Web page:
- Published on Wednesday, 19 September 2012 01:00
- Written by Greg Hartwell
Our homes are places of comfort, safety and joy that we cherish as much as family itself.
So it’s not surprising that when surveyed, close to 90 percent of seniors prefer to live out their years in their own home. To make their wish a reality, home care must be as affordable as possible.
For the past decade, California’s Wage Order 15 has provided a set of rules for household occupations including personal attendants that provide care for seniors in their homes. It exempts personal attendants from normal overtime wage rules, but only when working in a private home, not a facility such as a hospital or skilled nursing facility.
The wage order was originally enacted to facilitate families’ ability to legally hire caregivers with the flexibility, for example, to have a single caregiver for a 24-hour, live-in shift. The caregiver isn’t working that entire time, but for the protection of the elderly client, a primary requirement may be that he or she remains in the home during breaks, time off, sleeping, etc.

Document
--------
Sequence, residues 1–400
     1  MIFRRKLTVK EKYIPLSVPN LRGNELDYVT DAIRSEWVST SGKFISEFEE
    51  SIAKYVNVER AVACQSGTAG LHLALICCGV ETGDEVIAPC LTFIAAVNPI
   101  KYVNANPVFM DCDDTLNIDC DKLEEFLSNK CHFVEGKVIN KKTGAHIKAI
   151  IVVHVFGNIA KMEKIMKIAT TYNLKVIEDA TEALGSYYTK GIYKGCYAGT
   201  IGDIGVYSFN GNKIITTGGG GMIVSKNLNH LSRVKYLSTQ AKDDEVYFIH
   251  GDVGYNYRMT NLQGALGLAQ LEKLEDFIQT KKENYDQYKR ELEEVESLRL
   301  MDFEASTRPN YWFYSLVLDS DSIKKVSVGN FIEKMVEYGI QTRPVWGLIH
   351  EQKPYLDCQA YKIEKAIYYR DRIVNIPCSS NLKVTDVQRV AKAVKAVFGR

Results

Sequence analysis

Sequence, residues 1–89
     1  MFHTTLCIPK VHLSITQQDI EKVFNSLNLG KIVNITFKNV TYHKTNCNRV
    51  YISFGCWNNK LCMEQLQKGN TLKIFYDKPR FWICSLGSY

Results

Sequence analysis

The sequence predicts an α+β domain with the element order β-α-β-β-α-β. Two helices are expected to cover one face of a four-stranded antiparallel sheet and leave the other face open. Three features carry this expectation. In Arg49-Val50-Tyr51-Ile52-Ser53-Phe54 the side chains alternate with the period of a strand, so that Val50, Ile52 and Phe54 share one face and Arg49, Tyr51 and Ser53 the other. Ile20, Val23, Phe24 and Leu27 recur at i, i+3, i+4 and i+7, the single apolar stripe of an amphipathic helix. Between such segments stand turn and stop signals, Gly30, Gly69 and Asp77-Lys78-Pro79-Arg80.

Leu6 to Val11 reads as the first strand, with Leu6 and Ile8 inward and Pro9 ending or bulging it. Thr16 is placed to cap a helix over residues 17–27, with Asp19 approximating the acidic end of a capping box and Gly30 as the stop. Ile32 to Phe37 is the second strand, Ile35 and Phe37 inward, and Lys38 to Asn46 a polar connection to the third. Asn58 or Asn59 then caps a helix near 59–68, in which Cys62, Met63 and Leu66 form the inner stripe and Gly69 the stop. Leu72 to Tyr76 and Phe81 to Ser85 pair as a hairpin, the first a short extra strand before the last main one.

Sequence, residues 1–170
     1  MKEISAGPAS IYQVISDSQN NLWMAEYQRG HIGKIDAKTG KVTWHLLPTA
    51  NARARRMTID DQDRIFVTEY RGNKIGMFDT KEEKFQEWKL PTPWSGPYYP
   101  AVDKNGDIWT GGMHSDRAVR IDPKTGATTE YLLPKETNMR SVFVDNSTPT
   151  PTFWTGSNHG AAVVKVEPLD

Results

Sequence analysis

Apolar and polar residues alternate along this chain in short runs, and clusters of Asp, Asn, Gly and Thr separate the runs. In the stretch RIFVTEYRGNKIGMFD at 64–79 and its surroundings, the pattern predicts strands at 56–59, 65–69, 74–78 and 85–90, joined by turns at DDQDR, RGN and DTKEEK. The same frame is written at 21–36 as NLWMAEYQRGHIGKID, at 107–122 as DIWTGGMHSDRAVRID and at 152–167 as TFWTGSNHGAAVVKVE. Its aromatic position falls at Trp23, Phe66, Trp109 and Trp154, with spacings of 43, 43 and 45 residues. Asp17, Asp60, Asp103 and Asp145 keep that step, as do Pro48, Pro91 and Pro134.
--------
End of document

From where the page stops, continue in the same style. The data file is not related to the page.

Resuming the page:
State legislators hurriedly passed Assembly Bill 889 in the final hours of the summer legislative session, a bill whose intent is to eliminate the overtime exemption and allow caregivers to take their breaks away from the home. Gov. Jerry Brown has 30 days to approve or veto the bill.
If AB 889 passes, seniors may no longer be able to afford live-in care. Instead, seniors would have to hire for three eight-hour “shifts” each day – highly impractical for care at home. Additionally, work breaks during hourly shifts would allow caregivers to leave the home several times during a shift. This would require a replacement caregiver to cover short 10- to 30-minute breaks spread over an eight-hour visit. Again, not just impractical, but impossible.
Ultimately, AB 889 would drive the very home-care agencies that currently employ more than 100,000 caregivers in California out of business.
Let Governor Brown know your thoughts on AB 889 and how it could affect your or your loved ones’ ability to remain at home with care as you age. Let your voice be heard by calling (916) 445-2841 or faxing letters to (916) 558-3160.
Greg Hartwell is managing director and CEO of Homecare California, a Los Altos-based in-home caregiving agency.